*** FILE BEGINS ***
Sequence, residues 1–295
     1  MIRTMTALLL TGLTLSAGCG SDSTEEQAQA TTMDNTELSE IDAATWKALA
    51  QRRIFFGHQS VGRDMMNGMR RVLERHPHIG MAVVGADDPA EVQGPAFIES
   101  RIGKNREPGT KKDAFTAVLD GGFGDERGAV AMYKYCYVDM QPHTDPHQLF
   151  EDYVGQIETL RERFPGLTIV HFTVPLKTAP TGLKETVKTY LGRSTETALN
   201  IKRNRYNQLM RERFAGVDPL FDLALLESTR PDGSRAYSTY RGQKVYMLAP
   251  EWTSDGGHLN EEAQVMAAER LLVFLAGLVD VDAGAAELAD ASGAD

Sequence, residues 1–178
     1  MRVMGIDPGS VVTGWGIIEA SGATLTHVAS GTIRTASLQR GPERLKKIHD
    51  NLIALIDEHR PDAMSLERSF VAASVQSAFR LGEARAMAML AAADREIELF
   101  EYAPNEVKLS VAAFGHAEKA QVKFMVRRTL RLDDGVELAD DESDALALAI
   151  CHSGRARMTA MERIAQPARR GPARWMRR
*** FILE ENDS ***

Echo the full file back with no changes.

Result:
Sequence, residues 1–295
     1  MIRTMTALLL TGLTLSAGCG SDSTEEQAQA TTMDNTELSE IDAATWKALA
    51  QRRIFFGHQS VGRDMMNGMR RVLERHPHIG MAVVGADDPA EVQGPAFIES
   101  RIGKNREPGT KKDAFTAVLD GGFGDERGAV AMYKYCYVDM QPHTDPHQLF
   151  EDYVGQIETL RERFPGLTIV HFTVPLKTAP TGLKETVKTY LGRSTETALN
   201  IKRNRYNQLM RERFAGVDPL FDLALLESTR PDGSRAYSTY RGQKVYMLAP
   251  EWTSDGGHLN EEAQVMAAER LLVFLAGLVD VDAGAAELAD ASGAD

Sequence, residues 1–178
     1  MRVMGIDPGS VVTGWGIIEA SGATLTHVAS GTIRTASLQR GPERLKKIHD
    51  NLIALIDEHR PDAMSLERSF VAASVQSAFR LGEARAMAML AAADREIELF
   101  EYAPNEVKLS VAAFGHAEKA QVKFMVRRTL RLDDGVELAD DESDALALAI
   151  CHSGRARMTA MERIAQPARR GPARWMRR